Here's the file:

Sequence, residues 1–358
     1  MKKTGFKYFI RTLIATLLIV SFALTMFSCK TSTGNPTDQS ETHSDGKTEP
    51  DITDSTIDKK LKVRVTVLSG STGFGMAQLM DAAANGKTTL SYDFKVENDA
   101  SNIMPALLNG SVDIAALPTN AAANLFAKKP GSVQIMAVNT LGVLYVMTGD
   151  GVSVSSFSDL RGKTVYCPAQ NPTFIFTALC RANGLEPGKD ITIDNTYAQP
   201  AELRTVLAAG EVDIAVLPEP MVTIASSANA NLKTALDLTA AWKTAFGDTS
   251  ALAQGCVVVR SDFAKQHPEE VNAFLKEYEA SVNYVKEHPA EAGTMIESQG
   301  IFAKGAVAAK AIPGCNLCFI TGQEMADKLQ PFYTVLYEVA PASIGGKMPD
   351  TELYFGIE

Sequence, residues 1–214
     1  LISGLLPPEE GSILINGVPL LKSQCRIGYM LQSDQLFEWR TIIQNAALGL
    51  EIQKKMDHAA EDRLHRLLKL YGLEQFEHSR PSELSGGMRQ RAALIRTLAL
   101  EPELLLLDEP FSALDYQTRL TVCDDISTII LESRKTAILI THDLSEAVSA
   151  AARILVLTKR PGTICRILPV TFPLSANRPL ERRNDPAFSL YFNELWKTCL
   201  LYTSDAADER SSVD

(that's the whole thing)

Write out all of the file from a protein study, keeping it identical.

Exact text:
Sequence, residues 1–358
     1  MKKTGFKYFI RTLIATLLIV SFALTMFSCK TSTGNPTDQS ETHSDGKTEP
    51  DITDSTIDKK LKVRVTVLSG STGFGMAQLM DAAANGKTTL SYDFKVENDA
   101  SNIMPALLNG SVDIAALPTN AAANLFAKKP GSVQIMAVNT LGVLYVMTGD
   151  GVSVSSFSDL RGKTVYCPAQ NPTFIFTALC RANGLEPGKD ITIDNTYAQP
   201  AELRTVLAAG EVDIAVLPEP MVTIASSANA NLKTALDLTA AWKTAFGDTS
   251  ALAQGCVVVR SDFAKQHPEE VNAFLKEYEA SVNYVKEHPA EAGTMIESQG
   301  IFAKGAVAAK AIPGCNLCFI TGQEMADKLQ PFYTVLYEVA PASIGGKMPD
   351  TELYFGIE

Sequence, residues 1–214
     1  LISGLLPPEE GSILINGVPL LKSQCRIGYM LQSDQLFEWR TIIQNAALGL
    51  EIQKKMDHAA EDRLHRLLKL YGLEQFEHSR PSELSGGMRQ RAALIRTLAL
   101  EPELLLLDEP FSALDYQTRL TVCDDISTII LESRKTAILI THDLSEAVSA
   151  AARILVLTKR PGTICRILPV TFPLSANRPL ERRNDPAFSL YFNELWKTCL
   201  LYTSDAADER SSVD